You can watch Western cinema, you can watch Asian cinema, I just haven't seen those techniques applied to this kind of story very often, if at all.

It's been exciting to see a wider range of films made by and starring Asian Americans on platforms like Netflix. The lack of such films really puts pressure on each individual one to speak on behalf of all Asian Americans, which is obviously impossible. Do you feel like there's more of a critical mass in a way that puts less pressure on you as a filmmaker? 

I'm unbelievably happy with the progress that Asian American filmmakers have made. Just having more Asian faces on screen, whether they be Asian American or Asian films like "Parasite." And obviously there's a distinction between the two, films made in Asia by Asian people, versus American films. But I think we're still a little ways away. When there's only one, or when there's only three, or when there's only six, you're still at that point. Can you imagine if years ago, you talked to a director and asked, "Do you think this is every white person's story?" No, it's a specific family, or whomever it is. 

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It wasn't a political priority going into the movie — and obviously who could have foreseen the insane climate we're in — but certainly I have felt for a long time that Asian American characters on screen have been so flattened and removed of their personality. Part of that is being sidelined, and not being the main character. But part of that is, frankly, stereotypes, and the stereotype of someone being robotic or foreign or alien. It sounds very basic, but I think it's real. More depictions of Asian Americans as three-dimensional human beings, as people with rich emotional lives, can only help.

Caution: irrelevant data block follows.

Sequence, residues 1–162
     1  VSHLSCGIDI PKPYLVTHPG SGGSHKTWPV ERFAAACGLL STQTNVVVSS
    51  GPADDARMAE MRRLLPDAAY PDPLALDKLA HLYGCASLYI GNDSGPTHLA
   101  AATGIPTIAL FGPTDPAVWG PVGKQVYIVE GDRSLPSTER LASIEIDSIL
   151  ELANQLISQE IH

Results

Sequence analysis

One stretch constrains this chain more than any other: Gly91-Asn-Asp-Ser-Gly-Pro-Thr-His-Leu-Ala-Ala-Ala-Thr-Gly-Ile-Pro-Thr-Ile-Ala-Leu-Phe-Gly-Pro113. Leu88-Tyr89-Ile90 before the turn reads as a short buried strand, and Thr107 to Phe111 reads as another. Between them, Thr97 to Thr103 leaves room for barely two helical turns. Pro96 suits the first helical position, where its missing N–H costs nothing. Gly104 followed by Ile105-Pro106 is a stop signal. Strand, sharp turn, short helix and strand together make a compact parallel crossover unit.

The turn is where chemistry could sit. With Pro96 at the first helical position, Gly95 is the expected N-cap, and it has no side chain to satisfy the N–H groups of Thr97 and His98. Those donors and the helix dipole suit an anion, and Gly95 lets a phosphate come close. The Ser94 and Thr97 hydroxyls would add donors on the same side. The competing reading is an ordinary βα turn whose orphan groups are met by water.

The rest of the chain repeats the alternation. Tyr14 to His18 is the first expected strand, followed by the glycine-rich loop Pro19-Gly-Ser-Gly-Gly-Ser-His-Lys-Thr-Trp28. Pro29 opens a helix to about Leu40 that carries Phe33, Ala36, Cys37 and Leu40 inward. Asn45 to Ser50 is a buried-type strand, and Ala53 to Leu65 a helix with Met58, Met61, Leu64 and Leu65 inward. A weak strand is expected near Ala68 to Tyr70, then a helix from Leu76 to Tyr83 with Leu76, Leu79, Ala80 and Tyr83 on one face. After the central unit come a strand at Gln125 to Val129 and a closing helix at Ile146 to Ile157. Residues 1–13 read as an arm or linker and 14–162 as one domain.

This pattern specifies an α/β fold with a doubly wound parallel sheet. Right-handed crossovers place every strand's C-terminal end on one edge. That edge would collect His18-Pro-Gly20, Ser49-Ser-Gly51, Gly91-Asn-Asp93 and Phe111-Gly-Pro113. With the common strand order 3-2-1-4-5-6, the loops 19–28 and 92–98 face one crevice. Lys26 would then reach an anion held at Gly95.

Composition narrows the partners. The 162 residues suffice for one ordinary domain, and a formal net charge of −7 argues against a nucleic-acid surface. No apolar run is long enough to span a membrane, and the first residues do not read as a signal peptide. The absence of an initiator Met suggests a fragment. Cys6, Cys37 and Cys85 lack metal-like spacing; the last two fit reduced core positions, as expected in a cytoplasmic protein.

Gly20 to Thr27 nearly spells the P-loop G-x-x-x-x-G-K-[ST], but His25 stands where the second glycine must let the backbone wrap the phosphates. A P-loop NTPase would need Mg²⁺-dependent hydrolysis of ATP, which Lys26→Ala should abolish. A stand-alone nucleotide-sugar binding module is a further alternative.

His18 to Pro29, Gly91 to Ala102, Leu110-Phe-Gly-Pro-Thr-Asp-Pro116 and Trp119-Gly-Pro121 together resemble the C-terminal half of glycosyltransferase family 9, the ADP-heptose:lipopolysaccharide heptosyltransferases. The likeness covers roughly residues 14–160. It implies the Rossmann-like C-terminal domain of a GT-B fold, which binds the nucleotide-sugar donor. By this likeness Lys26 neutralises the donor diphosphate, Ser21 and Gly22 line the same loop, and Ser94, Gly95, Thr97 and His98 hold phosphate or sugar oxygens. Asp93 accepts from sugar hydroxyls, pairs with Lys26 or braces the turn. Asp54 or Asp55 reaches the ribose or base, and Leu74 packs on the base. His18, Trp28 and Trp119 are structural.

I think progress generally moves forward, and I think we're on our way. It's very encouraging. Honestly, I don't think this movie could have been made five years ago, or even ten years ago. I think there are a lot of filmmakers out there who are ready to make more films, and tell totally different stories. This story has to do with the previous generation, and is concerned with identity and heritage, and grappling with the struggle between generations. But I'm looking forward to stories that are just set in the present, or in the past, or in the future. Maybe even a sci-fi story. We don't have any of that. The canvas is wide open for us.

"Tigertail" is currently streaming on Netflix.


Nicole Clark

MORE FROM Nicole Clark